Referring now to FIG. 4, there is shown a SCSI Bus-to-SCSI Bus disk array controller 60. The same reference numerals are used to identify the same devices in FIGS. 3 and 4. The controller 60 includes a second input/output processor (IOP) 62 connected to the PCI Local Bus 28 in place of the second interface chip 16 (FIG. 3). The second input/output processor 62 is also connected through one or more cables 64, such as SCSI cables, to a third input/output processor (IOP) 66 associated with a SCSI host adapter 68 that is connected to a host SCSI Bus 70 through a slot (not shown) of a host device (not shown). It should be appreciated to one of ordinary skill in the art that data can be transferred between the second and third input/output processors 62, 63 such as 53C825A SCSI Input/Output Processor chips, at a rate of approximately 20 MByte/sec, or 40 MByte/sec for a 53C875 chip. In contrast, data can be transferred between the first and second PCI interfaces 40, 41 (FIG. 5) at a rate of 132 Mb/sec which is the specified data transfer rate of the PCI Local Bus 28.

In effect, the second input/output processor 62 functions in the same manner as the second PCI interface 41 (FIG. 5), and the third input/output processor 66 functions in the same manner as the first PCI interface 40 (FIG. 5). Thus, data is transferred from one scatter-gather list to a separate scatter-gather list across a common SCSI-interface in the disk array controller 60 shown in FIG. 4. In contrast, the second interface circuit 16 (FIG. 3) transfers data from one scatter-gather list to a separate scatter-gather list across the high-bandwidth DMA interface 42 (FIG. 5) in the controller 10.

In sum, the disk array controller architecture of the present invention improves the price/performance ratio of the controller 10 by permitting burst mode code/data fetching across the PCI Local Bus 28 through the third interface circuit 18, by providing code/data caching capability across the PCI Local Bus 28 through the third interface circuit 18, and by off-loading bandwidth to the auxiliary bus 38 across the internal local bus 26.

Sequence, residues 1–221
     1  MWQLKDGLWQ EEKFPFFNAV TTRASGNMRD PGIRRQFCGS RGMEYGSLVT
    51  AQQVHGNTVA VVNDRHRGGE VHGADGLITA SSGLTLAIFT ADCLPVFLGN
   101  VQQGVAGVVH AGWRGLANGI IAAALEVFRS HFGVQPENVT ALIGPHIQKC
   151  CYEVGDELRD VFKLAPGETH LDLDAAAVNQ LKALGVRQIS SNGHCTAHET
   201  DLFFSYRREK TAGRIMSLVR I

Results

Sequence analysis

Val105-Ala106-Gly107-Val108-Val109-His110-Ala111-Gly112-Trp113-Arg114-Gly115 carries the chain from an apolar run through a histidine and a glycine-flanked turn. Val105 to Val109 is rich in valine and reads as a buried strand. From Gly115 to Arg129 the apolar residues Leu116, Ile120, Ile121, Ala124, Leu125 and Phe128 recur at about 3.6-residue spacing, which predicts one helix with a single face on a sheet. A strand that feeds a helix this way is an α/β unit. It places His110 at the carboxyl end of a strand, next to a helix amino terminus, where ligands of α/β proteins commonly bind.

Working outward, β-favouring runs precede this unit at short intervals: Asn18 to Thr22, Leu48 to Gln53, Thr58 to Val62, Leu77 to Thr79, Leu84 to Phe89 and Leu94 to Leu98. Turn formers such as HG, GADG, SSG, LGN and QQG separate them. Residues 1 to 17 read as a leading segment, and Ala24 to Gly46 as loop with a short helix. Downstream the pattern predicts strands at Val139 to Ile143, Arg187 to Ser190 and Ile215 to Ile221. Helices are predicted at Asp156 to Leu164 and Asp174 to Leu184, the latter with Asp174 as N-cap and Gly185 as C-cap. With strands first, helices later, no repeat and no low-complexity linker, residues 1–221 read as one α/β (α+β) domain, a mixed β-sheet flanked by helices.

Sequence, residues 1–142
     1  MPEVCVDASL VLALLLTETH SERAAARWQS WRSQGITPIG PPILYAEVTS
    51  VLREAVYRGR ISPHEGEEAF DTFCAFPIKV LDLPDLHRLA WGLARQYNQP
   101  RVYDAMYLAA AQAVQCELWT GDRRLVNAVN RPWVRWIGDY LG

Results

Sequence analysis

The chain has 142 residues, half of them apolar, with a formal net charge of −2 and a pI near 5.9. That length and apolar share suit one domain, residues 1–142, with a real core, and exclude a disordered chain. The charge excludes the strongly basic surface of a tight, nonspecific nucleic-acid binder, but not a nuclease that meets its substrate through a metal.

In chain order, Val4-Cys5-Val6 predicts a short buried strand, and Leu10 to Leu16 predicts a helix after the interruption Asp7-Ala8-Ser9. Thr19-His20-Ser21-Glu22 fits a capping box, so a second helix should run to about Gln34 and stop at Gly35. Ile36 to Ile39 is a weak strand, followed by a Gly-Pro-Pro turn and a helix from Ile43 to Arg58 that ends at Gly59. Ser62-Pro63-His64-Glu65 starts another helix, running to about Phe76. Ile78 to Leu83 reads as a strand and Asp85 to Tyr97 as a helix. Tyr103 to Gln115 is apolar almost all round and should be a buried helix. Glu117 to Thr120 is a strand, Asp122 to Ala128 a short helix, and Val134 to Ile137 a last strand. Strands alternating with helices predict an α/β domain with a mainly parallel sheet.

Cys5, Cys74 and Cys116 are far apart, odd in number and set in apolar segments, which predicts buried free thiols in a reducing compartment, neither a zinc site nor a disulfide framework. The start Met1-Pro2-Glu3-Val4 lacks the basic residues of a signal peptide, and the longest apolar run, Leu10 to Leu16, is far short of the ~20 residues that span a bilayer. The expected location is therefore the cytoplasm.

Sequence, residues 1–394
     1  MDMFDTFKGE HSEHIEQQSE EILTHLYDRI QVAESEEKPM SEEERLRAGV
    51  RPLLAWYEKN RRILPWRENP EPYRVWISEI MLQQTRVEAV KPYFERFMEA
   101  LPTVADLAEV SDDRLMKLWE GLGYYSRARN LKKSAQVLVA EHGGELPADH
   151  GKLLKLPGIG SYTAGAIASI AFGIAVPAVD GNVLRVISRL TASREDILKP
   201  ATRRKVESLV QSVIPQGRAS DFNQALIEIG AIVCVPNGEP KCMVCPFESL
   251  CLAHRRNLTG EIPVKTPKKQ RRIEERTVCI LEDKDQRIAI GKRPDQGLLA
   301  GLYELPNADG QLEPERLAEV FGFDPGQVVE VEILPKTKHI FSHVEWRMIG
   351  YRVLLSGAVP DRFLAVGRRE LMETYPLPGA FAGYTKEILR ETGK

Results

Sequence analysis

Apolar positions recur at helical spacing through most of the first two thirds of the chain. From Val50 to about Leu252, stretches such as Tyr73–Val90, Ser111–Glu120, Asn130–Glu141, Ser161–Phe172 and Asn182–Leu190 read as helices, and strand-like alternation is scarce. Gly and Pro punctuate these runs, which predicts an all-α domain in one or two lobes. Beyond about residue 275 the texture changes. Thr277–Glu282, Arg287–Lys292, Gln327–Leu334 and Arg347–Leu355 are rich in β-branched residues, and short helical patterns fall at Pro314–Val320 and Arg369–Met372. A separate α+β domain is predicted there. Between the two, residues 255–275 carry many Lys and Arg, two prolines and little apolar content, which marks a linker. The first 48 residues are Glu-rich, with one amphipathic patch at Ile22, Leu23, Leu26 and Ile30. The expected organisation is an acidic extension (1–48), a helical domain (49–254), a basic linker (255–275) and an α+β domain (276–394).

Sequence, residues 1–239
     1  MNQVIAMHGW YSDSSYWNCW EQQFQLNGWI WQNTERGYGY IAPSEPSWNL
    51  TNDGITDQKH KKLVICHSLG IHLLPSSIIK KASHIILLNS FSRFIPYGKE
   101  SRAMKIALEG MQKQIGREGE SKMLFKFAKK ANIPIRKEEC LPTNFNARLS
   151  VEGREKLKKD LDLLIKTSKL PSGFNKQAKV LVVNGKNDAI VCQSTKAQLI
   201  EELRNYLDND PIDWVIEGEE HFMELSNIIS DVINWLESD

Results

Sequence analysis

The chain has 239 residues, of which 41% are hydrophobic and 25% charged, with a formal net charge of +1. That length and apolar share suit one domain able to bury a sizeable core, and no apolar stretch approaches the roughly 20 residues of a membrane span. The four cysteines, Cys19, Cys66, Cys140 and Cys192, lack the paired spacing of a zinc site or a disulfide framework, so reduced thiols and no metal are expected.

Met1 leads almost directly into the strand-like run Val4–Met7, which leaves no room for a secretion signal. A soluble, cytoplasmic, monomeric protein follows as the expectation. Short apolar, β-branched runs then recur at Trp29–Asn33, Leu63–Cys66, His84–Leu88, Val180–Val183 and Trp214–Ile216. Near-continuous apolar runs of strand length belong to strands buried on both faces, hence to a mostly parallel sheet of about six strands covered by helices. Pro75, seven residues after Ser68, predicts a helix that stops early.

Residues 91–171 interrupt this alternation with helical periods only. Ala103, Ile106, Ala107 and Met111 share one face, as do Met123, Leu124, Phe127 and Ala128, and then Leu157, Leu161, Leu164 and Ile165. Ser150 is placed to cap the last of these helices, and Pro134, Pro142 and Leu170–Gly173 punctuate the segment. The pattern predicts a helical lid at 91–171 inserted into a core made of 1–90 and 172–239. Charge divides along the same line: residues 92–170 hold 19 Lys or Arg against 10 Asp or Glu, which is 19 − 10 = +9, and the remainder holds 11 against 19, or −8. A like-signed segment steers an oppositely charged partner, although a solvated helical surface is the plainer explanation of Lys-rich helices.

While the invention has been illustrated and described in detail in the drawings and foregoing description, such illustration and description is to be considered as exemplary and not restrictive in character, it being understood that only the preferred embodiment has been shown and described and that all changes and modifications that come within the spirit of the invention are desired to be protected.

Claims (17)

What is claimed is:
1. A method for transferring data in a controller connected between a host device and a disk drive, comprising the steps of:
transferring from the host device to the controller a first scatter/gather list that indicates where a block of data is located in a host memory;
generating a second scatter/gather list indicating where to store the block of data in a controller memory; and
transferring the block of data from the host memory to the controller memory in accordance with the first scatter/gather list and the second scatter/gather list.
2. The method of claim 1, further including the step of:
transferring the block of data from the controller memory to a disk drive.
3. The method of claim 1, wherein the step of transferring the block of data from the host memory to the controller memory includes the steps of: